Chronic infectious diseases such as tuberculosis, AIDS and hepatitis cause millions of deaths and new infections worldwide every year. What are the similarities between these diseases? Could a vaccine be developed for all of them?.
Immunotherapy consists of stimulating the patient's own defences to fight against disease. In oncology, immunotherapy has been tested in mice using a non-specific vaccine that activates the immune system to fight cancer.
This project, led by the teams of doctors Christian Brander and Andreas Meyerhans, and which has received financial support from the CaixaResearch Call for Proposals in Health Research, is working to apply immunotherapy methods via a non-specific vaccine to chronic infectious diseases such as the AIDS virus and hepatitis B and C for which – except in the latter case – there is no curative treatment. These pathologies are also characterised by loss of T-cell function, an important type of defence against pathogens which, losing its antiviral capacity, allows the infectious agent to grow uncontrollably.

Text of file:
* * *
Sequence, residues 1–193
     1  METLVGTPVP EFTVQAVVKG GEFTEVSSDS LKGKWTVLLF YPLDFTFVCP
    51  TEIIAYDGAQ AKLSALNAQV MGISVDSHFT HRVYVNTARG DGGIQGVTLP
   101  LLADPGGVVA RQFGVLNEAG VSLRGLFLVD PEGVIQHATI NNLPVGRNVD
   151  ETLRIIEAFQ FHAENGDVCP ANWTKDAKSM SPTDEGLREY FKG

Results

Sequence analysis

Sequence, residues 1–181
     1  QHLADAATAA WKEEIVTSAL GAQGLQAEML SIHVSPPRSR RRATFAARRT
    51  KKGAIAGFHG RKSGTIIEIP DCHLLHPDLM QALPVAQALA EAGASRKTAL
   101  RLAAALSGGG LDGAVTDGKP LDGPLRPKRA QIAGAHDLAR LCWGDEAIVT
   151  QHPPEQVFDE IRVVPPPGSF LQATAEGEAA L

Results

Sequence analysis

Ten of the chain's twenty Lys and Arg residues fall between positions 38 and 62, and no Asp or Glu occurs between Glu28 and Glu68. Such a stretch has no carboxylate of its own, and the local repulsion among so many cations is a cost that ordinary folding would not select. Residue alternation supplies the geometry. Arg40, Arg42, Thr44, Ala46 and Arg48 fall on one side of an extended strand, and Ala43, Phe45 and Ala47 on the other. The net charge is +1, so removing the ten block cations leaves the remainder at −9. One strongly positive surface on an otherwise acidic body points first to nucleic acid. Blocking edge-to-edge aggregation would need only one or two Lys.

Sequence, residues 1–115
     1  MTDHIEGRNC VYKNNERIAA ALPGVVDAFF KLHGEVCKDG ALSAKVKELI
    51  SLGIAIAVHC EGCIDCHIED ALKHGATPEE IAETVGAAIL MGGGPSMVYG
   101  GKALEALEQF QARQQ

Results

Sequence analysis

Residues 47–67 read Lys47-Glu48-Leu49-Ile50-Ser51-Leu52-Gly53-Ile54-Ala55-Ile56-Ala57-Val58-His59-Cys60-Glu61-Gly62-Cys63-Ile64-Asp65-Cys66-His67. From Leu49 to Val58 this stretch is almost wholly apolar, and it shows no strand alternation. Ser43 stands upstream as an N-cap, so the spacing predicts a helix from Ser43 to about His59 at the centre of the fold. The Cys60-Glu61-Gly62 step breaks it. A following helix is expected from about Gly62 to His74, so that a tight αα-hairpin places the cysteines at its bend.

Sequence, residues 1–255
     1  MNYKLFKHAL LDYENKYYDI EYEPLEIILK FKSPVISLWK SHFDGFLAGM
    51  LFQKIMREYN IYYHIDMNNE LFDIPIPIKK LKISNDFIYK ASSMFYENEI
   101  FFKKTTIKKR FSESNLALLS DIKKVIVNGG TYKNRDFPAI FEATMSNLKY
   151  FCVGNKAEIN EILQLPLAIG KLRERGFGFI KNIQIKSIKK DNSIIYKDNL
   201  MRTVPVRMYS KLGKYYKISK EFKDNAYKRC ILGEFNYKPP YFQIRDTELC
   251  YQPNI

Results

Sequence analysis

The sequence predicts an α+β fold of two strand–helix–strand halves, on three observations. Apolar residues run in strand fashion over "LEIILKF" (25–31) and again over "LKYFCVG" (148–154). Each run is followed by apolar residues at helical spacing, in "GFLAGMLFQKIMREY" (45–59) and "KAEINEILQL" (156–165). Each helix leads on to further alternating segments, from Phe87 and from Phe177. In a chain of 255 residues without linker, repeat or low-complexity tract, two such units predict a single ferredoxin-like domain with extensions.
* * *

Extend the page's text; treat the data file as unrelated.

The project goal is to design a universal therapeutic vaccine that can unite the cure for various chronic viral infections. At present, patients with these diseases need lifelong medication with a type of treatment that has adverse effects on health and a high economic cost for health systems. A universal therapeutic vaccine could help to address this global challenge.
Christian Brander,Research Professor at ICREA, head of the IrsiCaixa Host Genetics and Cellular Immunity Group, and co-founder and Chief Scientific Officer at AELIX Therapeutics.
Valentina Casella, post-doctoral researcher at the MELIS-UPF Infection Biology Lab.
Nieves Salinas, health editor of El Periódico de España.